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Two Money Stories: Sears Shoes and a Windfall

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Today I have a couple of seemingly unrelated money stories, but I hope to tie them together in the end.

I have mentioned a few times that my wife is the breadwinner in our family. A couple of weeks ago, she had found that she had a fair amount of extra money at the end of the month, despite some of her spending habits. After dinner one evening she told me about this surprise money and that she transferred it to our new house account. Since it was a fair amount of money, I was quite excited. In a seemingly unrelated note, she mentioned how she needed a watch battery and a pair of running shoes. She then asked me for permission to a gift certificate that we got our wedding to buy new shoes at Sears. I explained that it's perfectly fine and a bit of a silly question after transferring so much money into our house fund.

Last week, I came upon a small windfall. A windfall is probably overstating it. I immediately thought of what I might spend it on. We've had our eye on a replacement TV for the bedroom. It been partially broken for about 6 months. The case is cracked pretty bad from dropping it in a move, but the picture is fine. I've been thinking about how nice a LCD flat panel would look in place of the old tube.

I didn't end up buying the fancy television though. Instead, I flashed back to my wife's thought about the shoes at Sears. She rationalized the shoe purchase as a reward for saving money for the new home - even though I didn't intentionally try to draw that connection. Taking her lead, I used the extra bonus to pay off about half the amount remaining on my home equity line of credit. As for my "shoes", I think I'm going to pick up a wine decanter funnel, so that my Two Buck Chuck, will taste better. I like to think that Plonkee would be proud of that decision.

Posted on October 2, 2007.

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Money Management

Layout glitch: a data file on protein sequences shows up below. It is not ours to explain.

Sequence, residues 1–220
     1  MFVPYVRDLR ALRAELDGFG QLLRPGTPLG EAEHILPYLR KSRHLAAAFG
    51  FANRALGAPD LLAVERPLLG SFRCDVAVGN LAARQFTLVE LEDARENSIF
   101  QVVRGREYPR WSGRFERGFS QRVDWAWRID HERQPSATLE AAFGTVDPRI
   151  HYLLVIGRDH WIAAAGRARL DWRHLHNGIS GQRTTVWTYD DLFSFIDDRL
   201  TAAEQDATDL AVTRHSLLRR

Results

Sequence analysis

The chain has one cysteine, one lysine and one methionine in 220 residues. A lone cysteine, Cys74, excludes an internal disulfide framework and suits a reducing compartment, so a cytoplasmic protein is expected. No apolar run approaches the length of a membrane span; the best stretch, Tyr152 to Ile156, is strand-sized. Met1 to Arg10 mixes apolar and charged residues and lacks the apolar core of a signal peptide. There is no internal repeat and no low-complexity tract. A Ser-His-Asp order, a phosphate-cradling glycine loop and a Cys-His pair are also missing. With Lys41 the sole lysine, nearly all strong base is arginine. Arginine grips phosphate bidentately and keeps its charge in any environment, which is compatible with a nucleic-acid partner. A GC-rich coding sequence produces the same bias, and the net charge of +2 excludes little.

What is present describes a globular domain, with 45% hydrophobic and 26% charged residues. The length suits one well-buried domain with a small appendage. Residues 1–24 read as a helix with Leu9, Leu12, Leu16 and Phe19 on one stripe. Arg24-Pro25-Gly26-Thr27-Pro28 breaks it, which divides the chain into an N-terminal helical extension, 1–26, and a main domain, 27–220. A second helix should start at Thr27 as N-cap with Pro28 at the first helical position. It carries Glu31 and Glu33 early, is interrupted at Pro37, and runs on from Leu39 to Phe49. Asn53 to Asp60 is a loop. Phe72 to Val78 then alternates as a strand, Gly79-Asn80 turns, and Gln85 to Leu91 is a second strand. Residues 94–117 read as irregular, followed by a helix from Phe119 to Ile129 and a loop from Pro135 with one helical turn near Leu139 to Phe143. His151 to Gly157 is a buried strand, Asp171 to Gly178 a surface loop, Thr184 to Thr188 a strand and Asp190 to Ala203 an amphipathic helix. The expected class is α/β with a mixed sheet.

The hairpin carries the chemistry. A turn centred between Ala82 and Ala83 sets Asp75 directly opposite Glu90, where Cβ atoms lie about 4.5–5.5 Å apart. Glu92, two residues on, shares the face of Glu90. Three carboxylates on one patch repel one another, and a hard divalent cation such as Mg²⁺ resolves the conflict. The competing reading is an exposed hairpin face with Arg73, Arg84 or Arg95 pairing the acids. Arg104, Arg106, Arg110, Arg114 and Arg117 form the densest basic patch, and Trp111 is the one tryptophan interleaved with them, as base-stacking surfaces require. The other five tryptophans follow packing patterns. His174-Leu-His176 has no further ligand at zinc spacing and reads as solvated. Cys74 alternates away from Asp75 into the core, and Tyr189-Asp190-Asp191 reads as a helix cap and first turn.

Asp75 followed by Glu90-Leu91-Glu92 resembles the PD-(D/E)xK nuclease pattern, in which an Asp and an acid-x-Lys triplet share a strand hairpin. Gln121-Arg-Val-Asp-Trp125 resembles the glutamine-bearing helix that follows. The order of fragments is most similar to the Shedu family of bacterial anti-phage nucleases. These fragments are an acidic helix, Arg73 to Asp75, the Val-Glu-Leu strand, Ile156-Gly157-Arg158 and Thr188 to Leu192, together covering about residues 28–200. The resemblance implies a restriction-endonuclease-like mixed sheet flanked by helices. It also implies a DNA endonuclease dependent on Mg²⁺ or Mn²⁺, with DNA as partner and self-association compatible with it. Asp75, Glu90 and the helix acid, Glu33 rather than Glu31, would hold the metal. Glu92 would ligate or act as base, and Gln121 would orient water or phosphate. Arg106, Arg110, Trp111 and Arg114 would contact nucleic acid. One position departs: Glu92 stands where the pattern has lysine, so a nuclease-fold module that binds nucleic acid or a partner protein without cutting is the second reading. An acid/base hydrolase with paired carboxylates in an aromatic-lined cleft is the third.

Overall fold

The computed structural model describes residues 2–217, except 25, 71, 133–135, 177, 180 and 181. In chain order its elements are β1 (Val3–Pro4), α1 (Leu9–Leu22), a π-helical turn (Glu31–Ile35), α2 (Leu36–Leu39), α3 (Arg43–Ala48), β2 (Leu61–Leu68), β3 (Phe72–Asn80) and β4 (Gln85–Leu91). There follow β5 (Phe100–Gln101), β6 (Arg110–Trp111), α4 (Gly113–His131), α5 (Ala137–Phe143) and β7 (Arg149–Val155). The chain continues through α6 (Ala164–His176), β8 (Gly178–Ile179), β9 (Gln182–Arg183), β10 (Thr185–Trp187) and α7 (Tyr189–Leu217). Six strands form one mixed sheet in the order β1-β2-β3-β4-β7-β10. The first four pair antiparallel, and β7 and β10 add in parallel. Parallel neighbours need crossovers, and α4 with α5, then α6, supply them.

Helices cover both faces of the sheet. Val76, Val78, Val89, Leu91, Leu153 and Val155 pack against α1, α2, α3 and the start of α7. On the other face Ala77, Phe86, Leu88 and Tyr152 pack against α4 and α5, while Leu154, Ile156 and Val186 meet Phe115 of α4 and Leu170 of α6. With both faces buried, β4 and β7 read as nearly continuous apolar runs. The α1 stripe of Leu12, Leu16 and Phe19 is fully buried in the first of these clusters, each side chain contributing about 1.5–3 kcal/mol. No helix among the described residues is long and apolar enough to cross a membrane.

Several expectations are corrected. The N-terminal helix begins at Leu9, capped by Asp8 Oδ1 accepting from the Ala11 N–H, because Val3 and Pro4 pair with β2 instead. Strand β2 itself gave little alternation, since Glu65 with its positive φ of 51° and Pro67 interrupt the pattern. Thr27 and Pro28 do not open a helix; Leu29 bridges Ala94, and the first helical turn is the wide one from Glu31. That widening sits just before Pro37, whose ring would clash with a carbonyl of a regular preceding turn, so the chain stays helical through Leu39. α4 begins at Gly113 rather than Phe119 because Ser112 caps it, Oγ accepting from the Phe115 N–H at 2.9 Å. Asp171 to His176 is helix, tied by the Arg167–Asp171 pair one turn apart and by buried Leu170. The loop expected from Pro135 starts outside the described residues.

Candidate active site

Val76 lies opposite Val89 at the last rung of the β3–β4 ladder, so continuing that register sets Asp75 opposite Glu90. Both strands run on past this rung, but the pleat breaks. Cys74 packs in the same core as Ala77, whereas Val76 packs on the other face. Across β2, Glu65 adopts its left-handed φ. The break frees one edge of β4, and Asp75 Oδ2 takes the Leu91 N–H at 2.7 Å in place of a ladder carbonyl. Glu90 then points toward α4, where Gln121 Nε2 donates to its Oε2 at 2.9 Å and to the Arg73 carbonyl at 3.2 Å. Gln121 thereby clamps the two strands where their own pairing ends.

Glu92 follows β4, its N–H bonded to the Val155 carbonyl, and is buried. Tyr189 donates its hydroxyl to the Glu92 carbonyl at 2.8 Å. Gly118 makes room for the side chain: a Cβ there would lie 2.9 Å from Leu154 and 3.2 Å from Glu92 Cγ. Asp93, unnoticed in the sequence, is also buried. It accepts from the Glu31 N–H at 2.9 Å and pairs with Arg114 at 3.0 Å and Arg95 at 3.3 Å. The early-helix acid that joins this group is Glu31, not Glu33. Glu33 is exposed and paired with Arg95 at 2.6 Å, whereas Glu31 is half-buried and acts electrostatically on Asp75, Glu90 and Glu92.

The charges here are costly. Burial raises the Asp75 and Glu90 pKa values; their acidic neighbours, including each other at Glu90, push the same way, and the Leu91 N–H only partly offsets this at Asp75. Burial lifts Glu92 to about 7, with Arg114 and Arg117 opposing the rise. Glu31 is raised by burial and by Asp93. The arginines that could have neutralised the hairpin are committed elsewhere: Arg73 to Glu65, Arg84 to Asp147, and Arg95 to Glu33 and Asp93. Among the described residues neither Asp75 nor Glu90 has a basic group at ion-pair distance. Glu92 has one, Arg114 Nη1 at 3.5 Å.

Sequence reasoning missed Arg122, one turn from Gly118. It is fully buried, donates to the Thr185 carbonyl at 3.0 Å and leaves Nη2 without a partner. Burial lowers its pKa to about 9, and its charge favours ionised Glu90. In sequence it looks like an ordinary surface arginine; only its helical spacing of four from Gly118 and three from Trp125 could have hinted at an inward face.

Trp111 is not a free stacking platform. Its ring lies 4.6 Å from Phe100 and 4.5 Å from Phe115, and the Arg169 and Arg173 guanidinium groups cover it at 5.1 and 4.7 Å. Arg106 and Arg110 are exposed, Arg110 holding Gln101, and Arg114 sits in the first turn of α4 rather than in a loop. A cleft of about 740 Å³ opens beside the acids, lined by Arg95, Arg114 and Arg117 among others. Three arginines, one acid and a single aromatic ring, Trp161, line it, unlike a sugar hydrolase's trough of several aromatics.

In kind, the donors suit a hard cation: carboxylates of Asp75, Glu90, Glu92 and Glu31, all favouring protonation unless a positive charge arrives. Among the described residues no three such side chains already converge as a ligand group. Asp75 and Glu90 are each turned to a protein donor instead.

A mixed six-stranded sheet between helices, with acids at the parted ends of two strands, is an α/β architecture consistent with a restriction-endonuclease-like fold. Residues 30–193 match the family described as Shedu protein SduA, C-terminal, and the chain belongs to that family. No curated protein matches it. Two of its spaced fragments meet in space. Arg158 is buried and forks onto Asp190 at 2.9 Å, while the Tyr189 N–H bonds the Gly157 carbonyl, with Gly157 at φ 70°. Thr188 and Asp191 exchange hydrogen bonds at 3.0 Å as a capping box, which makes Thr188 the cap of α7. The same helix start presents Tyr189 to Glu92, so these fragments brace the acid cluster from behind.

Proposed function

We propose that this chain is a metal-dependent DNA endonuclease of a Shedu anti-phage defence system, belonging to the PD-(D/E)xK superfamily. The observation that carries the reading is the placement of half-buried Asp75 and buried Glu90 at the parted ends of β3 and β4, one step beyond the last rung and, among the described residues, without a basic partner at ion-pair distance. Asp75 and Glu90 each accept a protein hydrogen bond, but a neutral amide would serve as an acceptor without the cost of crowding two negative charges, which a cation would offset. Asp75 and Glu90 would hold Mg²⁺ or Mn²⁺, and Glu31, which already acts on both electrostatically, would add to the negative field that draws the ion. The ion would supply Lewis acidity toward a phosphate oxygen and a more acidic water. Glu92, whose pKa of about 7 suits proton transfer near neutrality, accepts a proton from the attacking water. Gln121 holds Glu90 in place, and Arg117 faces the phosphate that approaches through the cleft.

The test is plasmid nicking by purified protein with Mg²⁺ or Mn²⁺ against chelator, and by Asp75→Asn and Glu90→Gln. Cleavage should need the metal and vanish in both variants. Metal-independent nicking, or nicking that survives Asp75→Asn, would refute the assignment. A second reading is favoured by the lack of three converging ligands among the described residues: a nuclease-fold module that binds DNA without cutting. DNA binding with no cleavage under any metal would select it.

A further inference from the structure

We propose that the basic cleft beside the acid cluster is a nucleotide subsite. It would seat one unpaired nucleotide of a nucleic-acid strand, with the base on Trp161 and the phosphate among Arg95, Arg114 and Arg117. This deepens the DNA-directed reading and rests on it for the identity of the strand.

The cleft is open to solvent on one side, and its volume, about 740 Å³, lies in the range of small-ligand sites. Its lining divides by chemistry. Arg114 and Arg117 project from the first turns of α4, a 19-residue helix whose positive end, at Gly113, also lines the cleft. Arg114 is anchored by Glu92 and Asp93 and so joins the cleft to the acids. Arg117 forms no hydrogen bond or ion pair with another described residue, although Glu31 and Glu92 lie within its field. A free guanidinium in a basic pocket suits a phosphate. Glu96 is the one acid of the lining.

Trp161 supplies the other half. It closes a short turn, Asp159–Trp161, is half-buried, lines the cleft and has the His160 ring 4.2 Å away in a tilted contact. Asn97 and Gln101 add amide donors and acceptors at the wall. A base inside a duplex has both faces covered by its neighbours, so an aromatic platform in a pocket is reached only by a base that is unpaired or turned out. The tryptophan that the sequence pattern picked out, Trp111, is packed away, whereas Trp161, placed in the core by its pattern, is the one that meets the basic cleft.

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9 Responses to “Two Money Stories: Sears Shoes and a Windfall”

  1. […] unknown wrote an interesting post today onHere’s a quick excerptWe’ve had our eye on a replacement TV for the bedroom. It been partially broken for about 6 months. The case is cracked pretty bad from dropping it in a move, but the picture is fine. I’ve been thinking about how nice a LCD flat panel … […]

  2. MoneyNing says:

    Lazy: As a gadget guy, I totally understand the urge to get the LCD but I think you are just trying to rationalize your decision to buy the LCD by comparing it to a pair of running shoes because of the price difference.

    I think that sometimes, it’s quite hard to say whether or not it makes sense for you because we don’t know your exact financial circumstances but if the crack in your TV really bothers you (and it will the more you think about it), I think it is fine to replace it as long as you can comfortably afford it.

    If you think about it, drinking less “two buck chuck”s will pay for the LCD in no time! :)

  3. plonkee says:

    I’m actually just planning what to do with my own windfall at the moment, so this post comes at a good time. And yes, I am proud.

  4. Lazy Man says:

    It turns out that we don’t use that television very much, so I don’t think it will bother me much. It hasn’t grown to bother me in the last 6 months. Though we could comfortable afford a new one, I’d like to stretch this one for as long as possible and invest the money. I really want to get out of the rat race and perhaps this plays a small part of 500,000 piece puzzle.

  5. Brip Blap says:

    Resisting the urge to buy is always the best path. That having been said, making yourself miserable when you don’t absolutely have to is not going to be mentally healthy in the long run…

  6. […] income passive) and this is a great reminder why it’s important. This is also why when I have a small windfall, like I mention yesterday, I mentally try to break it down into passive income terms. Here’s an […]

  7. Financial Reaper says:

    Good Point. I always find it hard to save money when I receive a bonus or windfall like you said. But, when you have an outstanding debt, its better to think of it just a free payment towards those debt. If you begin to think of what you can do with it in terms or purchasing more stuff, you will always find yourself in a hole of debt. The current conditions in the market have focused my attention to hording cash and paying down debt as quickly as possible. Always a safe bet.

  8. MoneyNing says:

    Lazy: Good luck with that. We are all trying to do the same!

  9. Star Money Articles for the Week of October 1…

    Here are some recent interesting posts from the MoneyBlogNetwork and beyond: AllFinancialMatters has fun with math. MightyBargainHunter Five Cent Nickel says Zecco has modified its commission structure. Blueprint for Financial Prosperity discusses the …

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